ACAS Early Conciliation Scheme
This new scheme will be introduced from 6th April 2014, although will not be mandatory until 6th May 2014. This new scheme will require any claimant wishing to bring a claim to an employment tribunal to have first contacted ACAS. Pre-claim early conciliation (EC) will last for one month and the period can be extended by two weeks if settlement is close. The only obligation on the part of the claimant is to contact ACAS. The ACAS officer will contact the claimant and respondent asking both if they wish to enter into early conciliation. If conciliation is refused by either party, or is unsuccessful, ACAS will issue the claimant with a certificate and reference number which allows them to go ahead and present their claim to the employment tribunal. If the parties enter into early conciliation, this will ‘stop the clock’ on the claimant’s limitation period to present the claim to the employment tribunal and also the claimant will be given a further month from receiving the EC Certificate to lodge their claim.
From April 6th, discrimination questionnaires will be abolished. The formal questionnaire procedure and 8-week time limit will be replaced with an informal ‘question-style’ approach and accompanying ACAS guidance. The ‘questioner’ (the employee, for example) will put a particular concern or issue to the ‘responder’ (the employer) and explain why they feel this is discriminatory conduct based on their ‘protected characteristic’. They can then ask questions about the concern or issue or ask for information about the responder more generally. The questioner can give the responder a time period to respond. The responder should then respond setting out their answers to the questions. Whilst the new process means that employers will not have to slavishly plough through a questionnaire, this new process should still be taken seriously and employers should not ignore questions. Although the process by which an employment tribunal could draw an adverse inference of discrimination where a questionnaire was incomplete or went unanswered, an employment tribunal is still able to take into account an employer’s failure to respond under this informal procedure and make assumptions as to the employer’s behaviour overall.
“Loser’s Tax” – Financial Penalties for Employers
Losing respondents in claims issued on/after 6th April, will be subject to a new financial penalty. A losing respondent could be ordered to pay between £100 and £5,000 as a penalty for the way it has conducted itself in the litigation and whether there are any aggravating factors. This penalty may be applied in any case. The penalty will be reduced by 50 per cent if it is paid within 21 days. However, the amount of financial penalty will be at the tribunal’s discretion; it will not be automatic. The penalty payment is paid to the tribunal (and ultimately the Treasury) rather than to the claimant
Increase in Compensation Awards
For dismissals on/after 6th April 2014 (rather than 1st February), the new maximum compensation figures will be as follows:
- Maximum compensation for unfair dismissal increases from £74,200 to £76,574 (subject to an overall cap of 12 months’ pay, whichever is the lowest figure);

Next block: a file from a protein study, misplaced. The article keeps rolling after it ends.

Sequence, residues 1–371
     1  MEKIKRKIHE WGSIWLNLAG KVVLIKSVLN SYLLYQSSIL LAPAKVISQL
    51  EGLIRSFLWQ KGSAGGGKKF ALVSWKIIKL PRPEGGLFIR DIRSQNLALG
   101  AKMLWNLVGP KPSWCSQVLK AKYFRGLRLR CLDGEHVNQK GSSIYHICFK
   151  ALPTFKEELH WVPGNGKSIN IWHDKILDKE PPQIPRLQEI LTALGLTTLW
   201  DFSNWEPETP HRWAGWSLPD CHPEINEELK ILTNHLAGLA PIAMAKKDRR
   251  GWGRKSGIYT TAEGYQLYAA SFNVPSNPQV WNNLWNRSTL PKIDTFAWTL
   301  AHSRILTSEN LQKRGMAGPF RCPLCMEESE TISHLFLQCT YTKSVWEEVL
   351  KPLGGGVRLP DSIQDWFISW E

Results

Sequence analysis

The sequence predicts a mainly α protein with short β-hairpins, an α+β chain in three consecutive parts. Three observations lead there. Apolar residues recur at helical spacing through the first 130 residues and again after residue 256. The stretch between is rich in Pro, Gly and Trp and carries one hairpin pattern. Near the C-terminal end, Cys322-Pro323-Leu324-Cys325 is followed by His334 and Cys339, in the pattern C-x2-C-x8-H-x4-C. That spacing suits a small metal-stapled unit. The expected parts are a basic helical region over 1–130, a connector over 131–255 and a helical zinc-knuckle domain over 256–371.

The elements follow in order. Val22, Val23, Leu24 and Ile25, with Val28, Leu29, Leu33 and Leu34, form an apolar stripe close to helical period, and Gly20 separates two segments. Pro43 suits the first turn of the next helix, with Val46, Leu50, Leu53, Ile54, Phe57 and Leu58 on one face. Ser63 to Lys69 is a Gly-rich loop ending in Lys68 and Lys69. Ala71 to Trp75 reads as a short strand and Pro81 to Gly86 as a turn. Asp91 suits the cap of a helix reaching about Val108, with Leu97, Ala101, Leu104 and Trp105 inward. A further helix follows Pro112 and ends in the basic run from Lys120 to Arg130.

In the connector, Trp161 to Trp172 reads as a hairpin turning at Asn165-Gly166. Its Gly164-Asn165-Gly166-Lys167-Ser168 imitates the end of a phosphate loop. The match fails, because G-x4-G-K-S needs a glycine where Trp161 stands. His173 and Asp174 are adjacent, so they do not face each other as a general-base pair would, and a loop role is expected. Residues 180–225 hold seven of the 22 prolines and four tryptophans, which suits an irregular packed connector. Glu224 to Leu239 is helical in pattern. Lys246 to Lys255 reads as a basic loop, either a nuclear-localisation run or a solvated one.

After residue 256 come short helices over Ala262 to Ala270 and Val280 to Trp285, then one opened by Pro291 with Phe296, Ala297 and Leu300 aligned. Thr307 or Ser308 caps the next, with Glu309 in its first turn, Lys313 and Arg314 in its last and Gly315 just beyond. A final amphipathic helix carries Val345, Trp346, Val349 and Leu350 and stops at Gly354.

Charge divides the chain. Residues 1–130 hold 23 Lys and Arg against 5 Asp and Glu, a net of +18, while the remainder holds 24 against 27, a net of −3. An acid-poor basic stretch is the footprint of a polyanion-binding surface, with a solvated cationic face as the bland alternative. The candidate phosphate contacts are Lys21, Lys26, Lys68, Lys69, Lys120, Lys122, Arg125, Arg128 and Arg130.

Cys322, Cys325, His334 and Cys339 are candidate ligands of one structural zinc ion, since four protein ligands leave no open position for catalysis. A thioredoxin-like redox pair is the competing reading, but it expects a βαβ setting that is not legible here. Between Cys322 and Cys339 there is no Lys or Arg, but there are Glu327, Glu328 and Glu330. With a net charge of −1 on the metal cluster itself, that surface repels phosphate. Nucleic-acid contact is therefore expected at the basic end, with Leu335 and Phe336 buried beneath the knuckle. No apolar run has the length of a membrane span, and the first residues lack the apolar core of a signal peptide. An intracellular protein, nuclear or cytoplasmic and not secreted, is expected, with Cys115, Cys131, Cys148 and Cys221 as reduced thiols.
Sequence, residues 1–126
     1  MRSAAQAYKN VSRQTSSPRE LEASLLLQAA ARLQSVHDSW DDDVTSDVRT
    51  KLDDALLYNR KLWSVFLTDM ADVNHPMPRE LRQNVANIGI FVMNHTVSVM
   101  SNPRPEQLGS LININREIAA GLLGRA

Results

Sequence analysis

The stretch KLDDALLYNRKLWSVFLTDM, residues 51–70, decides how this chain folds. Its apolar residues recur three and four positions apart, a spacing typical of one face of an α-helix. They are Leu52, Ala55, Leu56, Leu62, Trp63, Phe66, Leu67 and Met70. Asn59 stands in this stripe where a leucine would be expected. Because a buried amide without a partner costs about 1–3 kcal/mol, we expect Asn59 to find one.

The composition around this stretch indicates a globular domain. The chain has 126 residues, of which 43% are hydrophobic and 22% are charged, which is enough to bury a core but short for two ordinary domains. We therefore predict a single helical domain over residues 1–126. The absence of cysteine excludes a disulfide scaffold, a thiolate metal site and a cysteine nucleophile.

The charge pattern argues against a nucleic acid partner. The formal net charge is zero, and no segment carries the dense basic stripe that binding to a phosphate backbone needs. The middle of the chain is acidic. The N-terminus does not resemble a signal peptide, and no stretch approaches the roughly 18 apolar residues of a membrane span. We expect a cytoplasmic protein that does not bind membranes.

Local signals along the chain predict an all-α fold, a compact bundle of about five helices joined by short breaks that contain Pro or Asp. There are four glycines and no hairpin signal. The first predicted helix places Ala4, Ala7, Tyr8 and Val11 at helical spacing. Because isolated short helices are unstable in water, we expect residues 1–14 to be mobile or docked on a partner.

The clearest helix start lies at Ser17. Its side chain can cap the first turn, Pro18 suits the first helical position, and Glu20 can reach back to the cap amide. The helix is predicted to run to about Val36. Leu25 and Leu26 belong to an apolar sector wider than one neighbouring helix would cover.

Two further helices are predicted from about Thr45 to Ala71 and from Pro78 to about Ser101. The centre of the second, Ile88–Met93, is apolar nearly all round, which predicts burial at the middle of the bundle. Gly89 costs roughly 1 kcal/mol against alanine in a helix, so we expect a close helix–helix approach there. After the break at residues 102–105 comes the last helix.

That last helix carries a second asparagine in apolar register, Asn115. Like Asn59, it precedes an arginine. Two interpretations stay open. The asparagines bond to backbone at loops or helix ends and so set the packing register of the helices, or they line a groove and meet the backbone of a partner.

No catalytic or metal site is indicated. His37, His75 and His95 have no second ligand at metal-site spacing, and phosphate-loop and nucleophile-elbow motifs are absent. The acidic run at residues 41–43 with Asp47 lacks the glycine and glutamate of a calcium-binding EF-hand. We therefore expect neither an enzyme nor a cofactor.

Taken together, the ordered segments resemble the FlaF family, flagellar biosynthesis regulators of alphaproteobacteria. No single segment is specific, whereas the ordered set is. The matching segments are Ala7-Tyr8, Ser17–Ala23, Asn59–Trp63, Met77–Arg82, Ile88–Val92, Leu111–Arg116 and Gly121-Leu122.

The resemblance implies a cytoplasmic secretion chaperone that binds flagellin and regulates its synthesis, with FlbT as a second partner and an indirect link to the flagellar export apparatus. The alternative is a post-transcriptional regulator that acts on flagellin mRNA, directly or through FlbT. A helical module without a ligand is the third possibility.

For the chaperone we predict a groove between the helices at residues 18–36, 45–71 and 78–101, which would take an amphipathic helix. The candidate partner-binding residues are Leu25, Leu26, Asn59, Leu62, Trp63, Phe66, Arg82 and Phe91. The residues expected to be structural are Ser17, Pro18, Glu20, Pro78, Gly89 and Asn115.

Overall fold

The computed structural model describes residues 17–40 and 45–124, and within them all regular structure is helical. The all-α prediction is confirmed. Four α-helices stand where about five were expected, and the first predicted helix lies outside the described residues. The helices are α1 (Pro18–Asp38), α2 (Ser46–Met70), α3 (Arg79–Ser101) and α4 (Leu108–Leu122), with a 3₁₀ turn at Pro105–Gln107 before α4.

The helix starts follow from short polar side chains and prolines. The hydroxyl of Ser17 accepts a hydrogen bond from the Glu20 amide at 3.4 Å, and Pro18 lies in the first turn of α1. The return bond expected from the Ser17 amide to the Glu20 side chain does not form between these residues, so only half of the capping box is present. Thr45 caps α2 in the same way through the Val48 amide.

- A week’s pay increases from £450 to £464.
There will also be a reclassification of some types of employment tribunal claims for fee purposes. From 6th April claims relating to equal pay, sex equality in pension schemes, failure to inform and consult under TUPE and complaints about time off to train, will now be classified as Type ‘B’ claims thereby attracting the higher fees of £250 to issue and a £950 hearing fee.
Statutory Rates of Pay
Statutory rates of pay in respect of maternity, paternity and adoption leave increase from 6th April from £136.78 to £138.18 per week. HR should review those currently on statutory leave and adjust any payments due accordingly.
Statutory Sick Pay (SSP)
The rate of SSP increases from £86.70 per week to £87.55 from 6th April. Any payments of statutory sick pay should be adjusted through payroll.
There are also other changes to SSP as follows:-
- Abolition of the Percentage Threshold Scheme. The Percentage Threshold Scheme enables employers to reclaim SSP from HMRC, where the total SSP paid in a month exceeds 13% of their Class 1 National Insurance contributions for that month. A draft Order abolishing the scheme, as part of the government's review of health at work, was laid before Parliament and approved by the House of Lords on 12 February 2014. It is expected to take effect on 6 April 2014.
- Abolition of SSP record-keeping obligations. The Statutory Sick Pay (Maintenance of Records) (Revocation) Regulations 2014 (SI 2014/55) will abolish the obligation on employers to keep specified records of dates of sickness and SSP payments. Employers may keep records in a way that best suits their business needs – although records still have to be kept.
For details of these changes or for information about how these changes could affect your business, please contact our Employment Law Team on 0118 952 7284 or through our website www.boyesturner.com
Consistent with our policy when giving comment and advice on a non-specific basis, we cannot assume legal responsibility for the accuracy of any particular statement. In the case of specific problems we recommend that professional advice be sought.